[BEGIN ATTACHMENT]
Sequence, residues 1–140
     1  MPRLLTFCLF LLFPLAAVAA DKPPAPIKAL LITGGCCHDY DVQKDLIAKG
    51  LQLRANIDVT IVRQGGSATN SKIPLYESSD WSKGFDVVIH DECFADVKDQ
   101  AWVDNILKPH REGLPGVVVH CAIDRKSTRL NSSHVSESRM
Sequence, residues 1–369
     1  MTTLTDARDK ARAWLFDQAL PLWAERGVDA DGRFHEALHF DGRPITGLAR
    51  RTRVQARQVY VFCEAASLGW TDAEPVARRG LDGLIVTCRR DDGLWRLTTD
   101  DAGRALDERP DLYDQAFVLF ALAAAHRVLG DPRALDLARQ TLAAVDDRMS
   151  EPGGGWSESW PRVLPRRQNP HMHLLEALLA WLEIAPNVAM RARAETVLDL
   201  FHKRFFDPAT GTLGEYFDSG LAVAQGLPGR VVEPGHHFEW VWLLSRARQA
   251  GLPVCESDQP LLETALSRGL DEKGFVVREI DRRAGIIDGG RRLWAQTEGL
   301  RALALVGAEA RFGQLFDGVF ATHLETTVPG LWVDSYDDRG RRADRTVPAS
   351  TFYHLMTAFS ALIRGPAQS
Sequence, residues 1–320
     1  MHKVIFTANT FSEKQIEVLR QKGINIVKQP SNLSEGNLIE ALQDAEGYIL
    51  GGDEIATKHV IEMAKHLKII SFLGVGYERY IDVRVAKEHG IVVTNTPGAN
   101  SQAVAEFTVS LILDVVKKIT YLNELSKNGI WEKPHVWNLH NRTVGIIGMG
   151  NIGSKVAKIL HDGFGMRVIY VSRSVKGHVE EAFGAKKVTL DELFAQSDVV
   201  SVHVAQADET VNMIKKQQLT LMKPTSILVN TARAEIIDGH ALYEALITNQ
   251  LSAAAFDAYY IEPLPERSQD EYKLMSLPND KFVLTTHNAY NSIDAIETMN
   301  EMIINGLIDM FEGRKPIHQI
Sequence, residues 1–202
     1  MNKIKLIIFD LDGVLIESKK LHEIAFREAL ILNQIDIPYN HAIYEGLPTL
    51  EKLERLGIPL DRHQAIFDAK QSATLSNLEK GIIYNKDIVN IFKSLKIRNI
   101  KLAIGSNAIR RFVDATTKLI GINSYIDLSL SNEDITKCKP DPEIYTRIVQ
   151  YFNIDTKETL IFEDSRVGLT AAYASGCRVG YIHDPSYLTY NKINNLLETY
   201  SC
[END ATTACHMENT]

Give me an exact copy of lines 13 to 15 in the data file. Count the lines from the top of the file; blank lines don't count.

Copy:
   351  TFYHLMTAFS ALIRGPAQS
Sequence, residues 1–320
     1  MHKVIFTANT FSEKQIEVLR QKGINIVKQP SNLSEGNLIE ALQDAEGYIL